Health Canada’s Proposal on the Regulation of Self Care Products in Canada

October 19, 2016 By


If you are at all involved in the manufacturing and/or sale of Natural Health Products, you no doubt have heard of Health Canada’s proposal concerning the Regulation of Self-Care Products in Canada (launched September 8, 2016). Should it be adopted, this proposal will be the biggest legislative change to affect the industry since the Natural Health Products Regulations came into effect in January 2004.

Not surprisingly, an uproar has ensued within the industry in response to this proposal, both with respect to its contents and its timing. In terms of contents, the core feature of the proposal is the streamlining of all self-care products (including NHPs, non-prescription drugs, and cosmetics) into three risk categories: Lower Risk, Moderate Risk and Higher Risk. Lower risk products will no longer require any licensing or pre-assessment by Health Canada, while Moderate and Higher Risk products will still need to be pre-approved by Health Canada, but will only be licenced if the claims are “based on science”.

In terms of timing, it was just last year that Health Canada concluded their consultation on a new Framework for Consumer Health Products. This new framework proposed the creation of a new and separate set of Non-prescription Drug Regulations. According to the draft framework, the Natural Health Product Regulations (governing NHPs) would remain intact and would, in fact, serve as a model for the Non-prescription Drug Regulations (governing over the counter drug products). Consider just some of the glowing endorsements found in the original Framework for Consumer Health Products proposal concerning the current NHP regulations:

Of all regulatory components in the framework, the approach to natural health products represents the most modernized approach. Since the coming into force of the Natural Health Products Regulations in 2004, Health Canada has improved operational capacities, established effective, efficient licensing instruments (i.e. pre-cleared information or compendia of monographs), and created a three-class system for reviewing natural health products.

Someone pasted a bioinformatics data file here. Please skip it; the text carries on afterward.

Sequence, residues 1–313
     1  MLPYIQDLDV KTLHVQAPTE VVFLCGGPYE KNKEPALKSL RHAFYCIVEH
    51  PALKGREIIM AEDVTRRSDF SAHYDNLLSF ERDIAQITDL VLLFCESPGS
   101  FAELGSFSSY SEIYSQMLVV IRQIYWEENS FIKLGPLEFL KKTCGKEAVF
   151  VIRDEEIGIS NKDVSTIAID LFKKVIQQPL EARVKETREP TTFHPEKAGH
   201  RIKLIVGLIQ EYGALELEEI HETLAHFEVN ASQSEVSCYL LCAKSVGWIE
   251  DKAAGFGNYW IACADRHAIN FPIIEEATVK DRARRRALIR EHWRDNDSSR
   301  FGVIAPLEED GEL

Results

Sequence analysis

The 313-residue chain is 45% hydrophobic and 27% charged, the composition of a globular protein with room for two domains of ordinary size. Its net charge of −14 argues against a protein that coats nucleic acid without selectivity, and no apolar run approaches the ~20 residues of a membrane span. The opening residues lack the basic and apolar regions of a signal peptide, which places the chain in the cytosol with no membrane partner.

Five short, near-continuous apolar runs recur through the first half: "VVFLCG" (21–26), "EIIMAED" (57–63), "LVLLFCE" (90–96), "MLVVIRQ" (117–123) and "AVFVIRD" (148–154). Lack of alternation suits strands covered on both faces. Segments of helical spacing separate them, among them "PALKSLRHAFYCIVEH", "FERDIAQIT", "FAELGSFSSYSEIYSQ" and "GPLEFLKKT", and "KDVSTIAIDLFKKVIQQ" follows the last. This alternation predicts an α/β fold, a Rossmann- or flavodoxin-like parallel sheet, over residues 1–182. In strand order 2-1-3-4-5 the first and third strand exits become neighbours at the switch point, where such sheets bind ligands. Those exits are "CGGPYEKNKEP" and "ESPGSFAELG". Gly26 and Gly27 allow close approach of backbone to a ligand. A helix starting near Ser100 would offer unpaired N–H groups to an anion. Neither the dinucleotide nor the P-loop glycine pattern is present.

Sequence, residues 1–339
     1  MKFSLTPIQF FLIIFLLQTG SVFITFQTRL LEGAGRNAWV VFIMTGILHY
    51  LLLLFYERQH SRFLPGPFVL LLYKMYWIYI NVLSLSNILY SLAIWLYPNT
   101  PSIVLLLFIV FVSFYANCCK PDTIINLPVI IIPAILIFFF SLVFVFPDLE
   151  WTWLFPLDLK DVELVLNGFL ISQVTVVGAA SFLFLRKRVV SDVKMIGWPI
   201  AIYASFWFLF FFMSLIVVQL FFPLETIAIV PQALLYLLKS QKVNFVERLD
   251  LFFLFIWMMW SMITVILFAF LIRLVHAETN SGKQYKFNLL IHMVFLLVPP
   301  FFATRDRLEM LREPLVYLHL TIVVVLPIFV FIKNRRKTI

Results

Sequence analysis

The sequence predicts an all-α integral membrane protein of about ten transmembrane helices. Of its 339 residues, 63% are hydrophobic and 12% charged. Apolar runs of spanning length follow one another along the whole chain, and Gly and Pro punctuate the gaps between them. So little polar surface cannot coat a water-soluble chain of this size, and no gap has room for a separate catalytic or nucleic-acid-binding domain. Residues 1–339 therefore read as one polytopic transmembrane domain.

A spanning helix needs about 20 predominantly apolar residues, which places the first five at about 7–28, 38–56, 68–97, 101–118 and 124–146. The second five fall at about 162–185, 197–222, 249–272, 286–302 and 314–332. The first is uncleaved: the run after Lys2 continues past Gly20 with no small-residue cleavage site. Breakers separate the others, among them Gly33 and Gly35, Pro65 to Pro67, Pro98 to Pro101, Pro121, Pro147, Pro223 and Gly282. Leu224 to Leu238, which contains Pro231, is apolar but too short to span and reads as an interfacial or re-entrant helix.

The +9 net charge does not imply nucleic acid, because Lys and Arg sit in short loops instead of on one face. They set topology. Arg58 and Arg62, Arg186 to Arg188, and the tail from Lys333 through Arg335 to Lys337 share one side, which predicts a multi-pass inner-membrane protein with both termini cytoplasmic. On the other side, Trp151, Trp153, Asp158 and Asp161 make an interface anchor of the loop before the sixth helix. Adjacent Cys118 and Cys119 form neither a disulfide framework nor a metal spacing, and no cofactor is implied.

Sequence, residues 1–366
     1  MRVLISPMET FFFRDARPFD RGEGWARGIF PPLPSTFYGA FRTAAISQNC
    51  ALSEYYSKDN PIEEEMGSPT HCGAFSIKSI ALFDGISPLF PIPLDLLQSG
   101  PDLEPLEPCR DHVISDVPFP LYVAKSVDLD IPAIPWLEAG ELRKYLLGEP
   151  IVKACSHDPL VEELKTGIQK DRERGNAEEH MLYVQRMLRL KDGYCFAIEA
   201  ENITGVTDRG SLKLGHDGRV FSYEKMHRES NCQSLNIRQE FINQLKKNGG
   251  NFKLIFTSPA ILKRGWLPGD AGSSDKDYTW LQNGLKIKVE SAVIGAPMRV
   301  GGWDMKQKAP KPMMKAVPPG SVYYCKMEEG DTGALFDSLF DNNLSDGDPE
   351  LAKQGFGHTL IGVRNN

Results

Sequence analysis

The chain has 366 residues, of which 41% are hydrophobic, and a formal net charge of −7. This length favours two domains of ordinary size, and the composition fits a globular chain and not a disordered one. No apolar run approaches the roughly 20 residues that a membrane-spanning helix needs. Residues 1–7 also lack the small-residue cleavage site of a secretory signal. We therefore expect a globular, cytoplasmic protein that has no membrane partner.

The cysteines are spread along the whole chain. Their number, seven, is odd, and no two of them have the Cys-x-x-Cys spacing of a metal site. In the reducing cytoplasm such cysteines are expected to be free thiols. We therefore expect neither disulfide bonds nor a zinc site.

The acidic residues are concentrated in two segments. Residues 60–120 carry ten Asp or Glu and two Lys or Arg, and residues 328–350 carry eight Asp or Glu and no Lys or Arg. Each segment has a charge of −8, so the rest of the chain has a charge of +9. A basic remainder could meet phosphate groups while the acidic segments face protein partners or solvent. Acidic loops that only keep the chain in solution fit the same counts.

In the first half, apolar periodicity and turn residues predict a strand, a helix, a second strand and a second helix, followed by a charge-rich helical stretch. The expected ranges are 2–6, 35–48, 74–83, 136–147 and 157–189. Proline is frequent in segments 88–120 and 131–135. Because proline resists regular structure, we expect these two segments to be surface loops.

The framework aims to build on recent natural health product best practices to provide consistent oversight, to the extent possible, for all consumer health products, while always making safety the priority.

Elements of the Natural Health Products Regulations, in effect since 2004, have proven to be an effective means to achieve a flexible, risk-based regulatory approach to consumer health products.

Why now, one year later, would Health Canada want to essentially gut much of the current NHP regulations ad per their Regulation of Self-Care Products in Canada proposal? They claim in the proposal that it will reduce risk to consumers – but how eliminating government pre-assessment/licencing of thousands of health products will improve the safety of consumers is unclear. They claim it will reduce confusion among consumers – but how reclassifying over a hundred thousand products already on the market and familiar to the public will reduce, as opposed to increase, consumer confusion is unclear. They claim it will result in greater assurance that products on the market are effective – in some special cases that may be true, but how this will improve in general on the current regulations which already have a framework for evaluating product efficacy based on an evidence approach is unclear. Improvements can certainly be made to the current NHP regulations, but such improvements have been made on an ongoing basis since the inception of the regulations. Why then, completely overhaul them, particularly after hundreds of millions of dollars have been spent by both government (i.e., taxpayers) and industry towards creation, implementation, improvement, and compliance.